For the young activist in Malaysia, idealism has acquired a sheen of pragmatism
For much of the month of April, student groups in Malaysia marched in the streets of Kuala Lumpur, demanding the abolition of the National Higher Education Fund (PTPTN), a student loan scheme that the protesters criticised as an exploitative, anti-poor commercial scheme. Instead of loans with high interest rates, they wanted free education.
But on April 28, when an estimated 100,000 people rallied in the same capital to demand electoral reforms under Bersih 3.0 (the Malay word literally means clean), the vibrant student movement was conspicuous by its absence. In contrast, 11 other cities in Malaysia and 85 cities across 33 countries worldwide registered protests on the day to show solidarity with the cause.
In sharp contrast to the 1960s, the students appear to now be more interested in rallying for pragmatic cost issues. Is student activism in Malaysia no longer driven by ideological struggles? Have the young and passionate passed on the banner to adults, to the middle-class men and women, the likes of whom stood firm for Bersih?
So, what has changed?
Nothing much, according to Dr Oh Ei Sun, academician and a former political secretary to the prime minister of Malaysia.
“I think that the ‘issue-based’ orientation in student activism nowadays does not represent a profound paradigm shift, but rather a clearer and more pragmatic manifestation of the more progressive students’ ideological struggle and concern for nation-building,” he told Asia360 News.
“Instead of fighting for some profoundly idealistic ideologies or some vague notion of nation-building, they are using, for example, a concrete issue such as abolition of PTPTN to highlight their ideological disagreement with the mainstream educational authorities — and also propose their alternative vision for nation-building efforts,” he added.
Choong Pui Yee, a research analyst at Singapore’s S Rajaratnam School of International Studies (RSIS), agrees, and believes the new manifestation is due to an increase in the socio-political awareness and acumen of the present generation.
“Such evolving changes can be attributed to a stronger opposition coalition and an increasingly dynamic civil society movement in Malaysia. Students are now exposed to multiple views and ideas. The alternative media as the platform of information is another factor that contributed to this,” Choong told Asia360 News.
Dr Carmelo Ferlito, a fellow at the Malaysian think tank Institute for Democracy and Economic Affairs (IDEAS), seconds the role that the combination of technology and media, especially social media, has played in the evolution of the character of student movements in the country.
He goes to the extent of claiming that with the advent of technology, even the concept of nation itself has undergone considerable transformation.
Talking to Asia360 News he said: “The world today is simultaneously both bigger and small than a nation. Bigger: the highest reference points are looked for outside from the nation. Smaller: the real needs they consider urgent are more practical and less ideological. Hence, they don’t involve the concept of a nation.”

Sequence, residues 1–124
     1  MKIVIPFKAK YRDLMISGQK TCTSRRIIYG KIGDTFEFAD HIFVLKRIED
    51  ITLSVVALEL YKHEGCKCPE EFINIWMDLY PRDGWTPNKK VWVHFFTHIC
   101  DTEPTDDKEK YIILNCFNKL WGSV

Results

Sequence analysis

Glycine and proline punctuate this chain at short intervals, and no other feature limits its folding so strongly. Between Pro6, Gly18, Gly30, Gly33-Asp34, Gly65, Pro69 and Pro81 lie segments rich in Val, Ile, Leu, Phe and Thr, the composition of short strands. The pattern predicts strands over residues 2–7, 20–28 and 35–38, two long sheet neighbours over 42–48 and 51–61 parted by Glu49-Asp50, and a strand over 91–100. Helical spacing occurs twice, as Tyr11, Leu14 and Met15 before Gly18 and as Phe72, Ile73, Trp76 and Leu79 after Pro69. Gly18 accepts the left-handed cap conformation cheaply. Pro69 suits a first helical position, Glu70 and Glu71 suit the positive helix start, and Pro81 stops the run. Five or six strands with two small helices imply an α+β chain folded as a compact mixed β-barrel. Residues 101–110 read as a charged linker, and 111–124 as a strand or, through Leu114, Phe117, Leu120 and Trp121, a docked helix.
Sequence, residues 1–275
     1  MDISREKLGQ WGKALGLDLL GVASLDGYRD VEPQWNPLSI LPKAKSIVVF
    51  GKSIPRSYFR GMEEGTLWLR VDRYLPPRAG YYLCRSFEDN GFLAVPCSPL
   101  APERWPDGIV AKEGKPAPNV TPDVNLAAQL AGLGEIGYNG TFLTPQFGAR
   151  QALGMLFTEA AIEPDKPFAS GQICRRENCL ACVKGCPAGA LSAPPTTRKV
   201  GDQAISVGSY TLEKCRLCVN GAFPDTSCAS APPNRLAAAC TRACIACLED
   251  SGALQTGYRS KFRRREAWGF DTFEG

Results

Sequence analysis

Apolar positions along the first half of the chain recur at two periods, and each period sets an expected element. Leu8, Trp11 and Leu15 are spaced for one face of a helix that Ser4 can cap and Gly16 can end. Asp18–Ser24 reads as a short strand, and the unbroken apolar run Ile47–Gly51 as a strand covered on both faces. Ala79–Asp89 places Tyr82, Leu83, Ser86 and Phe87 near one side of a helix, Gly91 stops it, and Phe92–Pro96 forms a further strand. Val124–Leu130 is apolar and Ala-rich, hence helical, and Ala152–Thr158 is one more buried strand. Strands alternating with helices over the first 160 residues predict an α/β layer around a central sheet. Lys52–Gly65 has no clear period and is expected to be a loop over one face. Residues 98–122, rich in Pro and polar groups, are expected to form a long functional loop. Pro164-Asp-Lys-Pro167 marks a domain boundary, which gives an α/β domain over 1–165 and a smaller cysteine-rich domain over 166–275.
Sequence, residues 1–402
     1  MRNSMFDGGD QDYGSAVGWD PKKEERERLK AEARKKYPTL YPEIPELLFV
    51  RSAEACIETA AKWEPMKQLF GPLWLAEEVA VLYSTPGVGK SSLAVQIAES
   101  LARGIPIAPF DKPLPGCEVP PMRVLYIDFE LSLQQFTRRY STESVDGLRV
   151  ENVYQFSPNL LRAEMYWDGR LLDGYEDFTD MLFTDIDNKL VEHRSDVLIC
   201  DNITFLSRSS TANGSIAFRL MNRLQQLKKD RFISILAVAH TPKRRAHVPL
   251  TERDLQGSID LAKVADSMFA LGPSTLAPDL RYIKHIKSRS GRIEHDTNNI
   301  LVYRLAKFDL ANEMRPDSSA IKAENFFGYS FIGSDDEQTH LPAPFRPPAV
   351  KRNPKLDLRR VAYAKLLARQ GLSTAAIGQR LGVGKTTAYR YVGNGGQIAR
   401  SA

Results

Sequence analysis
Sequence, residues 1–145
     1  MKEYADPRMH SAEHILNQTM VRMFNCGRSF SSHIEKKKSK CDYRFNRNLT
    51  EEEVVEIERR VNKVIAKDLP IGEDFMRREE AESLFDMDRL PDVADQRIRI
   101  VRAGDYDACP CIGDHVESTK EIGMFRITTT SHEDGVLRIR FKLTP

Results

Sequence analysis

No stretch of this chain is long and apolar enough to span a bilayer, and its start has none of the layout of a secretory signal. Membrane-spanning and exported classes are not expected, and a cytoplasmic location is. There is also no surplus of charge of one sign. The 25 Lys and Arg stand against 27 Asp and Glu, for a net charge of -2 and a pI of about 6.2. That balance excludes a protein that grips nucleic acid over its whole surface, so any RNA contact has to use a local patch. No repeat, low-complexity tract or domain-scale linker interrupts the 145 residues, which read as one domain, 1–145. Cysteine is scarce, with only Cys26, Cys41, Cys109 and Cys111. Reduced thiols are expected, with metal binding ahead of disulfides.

“But this utilisation of real-world issues is not anything new,” said Sun. “It has been put into practice in the 1960s and 70s — when the student movements had adopted the cause of alleviation of peasants’ poverty as a means of nation building.”
One of the prime examples of his argument was the Teluk Gong struggle in 1967. In their bid to obtain land for livelihood, a group of poor peasants cleared some forest land in the Teluk Gong region, tilled the land and built houses. Not much later, the government destroyed the crops, demolished the houses and arrested many of the peasants.
The University of Malaya Students Union (UMSU) and the University of Malaya Malay Language Society (PBMUM) denounced the government action and swiftly organised seminars and symposiums to support the peasants’ struggle.
Poverty soon became an important issue in the student struggle in the years after that. It was also the first time that students from different ethnic groups came together, encountering each other’s culture and sharing understanding. This was a great leap for a society highly sensitive to ethnic differences.
The argument is that even present day “real-world issues” like PTPTN are microcosms of the larger ideological, nation-building exercises — and they should be seen as such.
Sun agrees: “I think this [current] issue-orientation is a very healthy and organic direction for student activism in Malaysia, as it provides a sharper focus and a more pragmatic touch to their struggle.”
The only concern, says Ferlito, is that an intensely focused approach can also risk losing sight of the bigger picture. “The new approach of student activism can be both an opportunity and a risk for Malaysia. The opportunity is that a less ideological level can bring out a less ‘partisan’ politics, more oriented to the common good and open to learn from outside. The risk is that the political issues are minimised to practical things and the problem ‘to belong’ to something higher, like the Nation, is forgotten.”
Though Choong of RSIS acknowledges the challenge, she believes that the new manifestation of student activism has more pros than cons.
“Student activism in current days has inspired much more awareness and participation regardless of whether it is issue-based or not. Most importantly, the students are ready to engage and question. This will definitely help the nation to grow,” she said.
And all three of them believe that is what matters ultimately. Students may have ceded some space to the middle class in protests like Bersih but they will continue to remain relevant in the pursuit of a perfect nation.
Ideology just has a new approach now. AR